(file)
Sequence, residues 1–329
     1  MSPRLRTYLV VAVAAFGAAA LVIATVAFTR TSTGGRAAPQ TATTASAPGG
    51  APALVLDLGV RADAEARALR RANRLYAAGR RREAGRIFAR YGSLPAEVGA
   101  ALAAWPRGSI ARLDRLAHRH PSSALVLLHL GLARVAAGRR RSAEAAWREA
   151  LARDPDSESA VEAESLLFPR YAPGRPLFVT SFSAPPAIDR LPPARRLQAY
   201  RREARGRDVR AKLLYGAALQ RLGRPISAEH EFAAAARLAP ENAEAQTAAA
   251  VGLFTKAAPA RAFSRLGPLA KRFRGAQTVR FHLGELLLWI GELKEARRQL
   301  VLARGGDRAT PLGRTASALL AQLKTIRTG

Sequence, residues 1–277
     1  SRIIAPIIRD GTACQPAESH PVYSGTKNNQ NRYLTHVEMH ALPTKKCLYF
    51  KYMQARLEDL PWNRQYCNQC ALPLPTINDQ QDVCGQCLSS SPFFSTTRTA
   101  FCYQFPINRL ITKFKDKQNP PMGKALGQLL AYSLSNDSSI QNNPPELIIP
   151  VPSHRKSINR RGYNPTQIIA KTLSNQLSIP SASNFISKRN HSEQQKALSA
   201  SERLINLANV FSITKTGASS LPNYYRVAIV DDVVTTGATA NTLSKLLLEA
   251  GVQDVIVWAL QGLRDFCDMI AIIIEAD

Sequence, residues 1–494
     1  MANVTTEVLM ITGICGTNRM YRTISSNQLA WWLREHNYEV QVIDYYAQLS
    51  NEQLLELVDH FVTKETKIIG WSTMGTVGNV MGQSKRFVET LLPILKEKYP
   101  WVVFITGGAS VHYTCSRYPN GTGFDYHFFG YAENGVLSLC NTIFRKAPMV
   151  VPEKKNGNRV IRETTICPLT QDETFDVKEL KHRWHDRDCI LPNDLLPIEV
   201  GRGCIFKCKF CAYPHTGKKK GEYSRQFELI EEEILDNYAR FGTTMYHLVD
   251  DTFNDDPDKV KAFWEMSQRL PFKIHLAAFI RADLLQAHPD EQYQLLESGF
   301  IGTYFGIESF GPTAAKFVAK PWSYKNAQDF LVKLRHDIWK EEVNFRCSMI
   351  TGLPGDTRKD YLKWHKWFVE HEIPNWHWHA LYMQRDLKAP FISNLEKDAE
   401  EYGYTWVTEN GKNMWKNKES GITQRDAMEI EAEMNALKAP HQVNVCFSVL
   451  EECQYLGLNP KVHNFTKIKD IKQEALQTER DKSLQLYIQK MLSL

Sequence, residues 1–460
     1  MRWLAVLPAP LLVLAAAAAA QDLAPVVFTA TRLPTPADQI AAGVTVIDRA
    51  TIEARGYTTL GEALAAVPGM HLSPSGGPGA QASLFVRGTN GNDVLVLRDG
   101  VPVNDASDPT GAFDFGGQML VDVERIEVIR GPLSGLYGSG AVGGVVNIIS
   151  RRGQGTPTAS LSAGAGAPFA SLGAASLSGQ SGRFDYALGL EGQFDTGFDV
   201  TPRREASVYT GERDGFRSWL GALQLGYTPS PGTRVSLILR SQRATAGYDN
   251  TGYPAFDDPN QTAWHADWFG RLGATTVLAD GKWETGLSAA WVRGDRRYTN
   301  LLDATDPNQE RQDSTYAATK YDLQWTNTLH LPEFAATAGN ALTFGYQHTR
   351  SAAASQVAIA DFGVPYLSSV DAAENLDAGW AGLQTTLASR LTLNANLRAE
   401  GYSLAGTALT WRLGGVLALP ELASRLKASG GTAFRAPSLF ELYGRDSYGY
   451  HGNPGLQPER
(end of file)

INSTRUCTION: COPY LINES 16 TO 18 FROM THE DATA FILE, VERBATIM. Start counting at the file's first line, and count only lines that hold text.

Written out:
Sequence, residues 1–494
     1  MANVTTEVLM ITGICGTNRM YRTISSNQLA WWLREHNYEV QVIDYYAQLS
    51  NEQLLELVDH FVTKETKIIG WSTMGTVGNV MGQSKRFVET LLPILKEKYP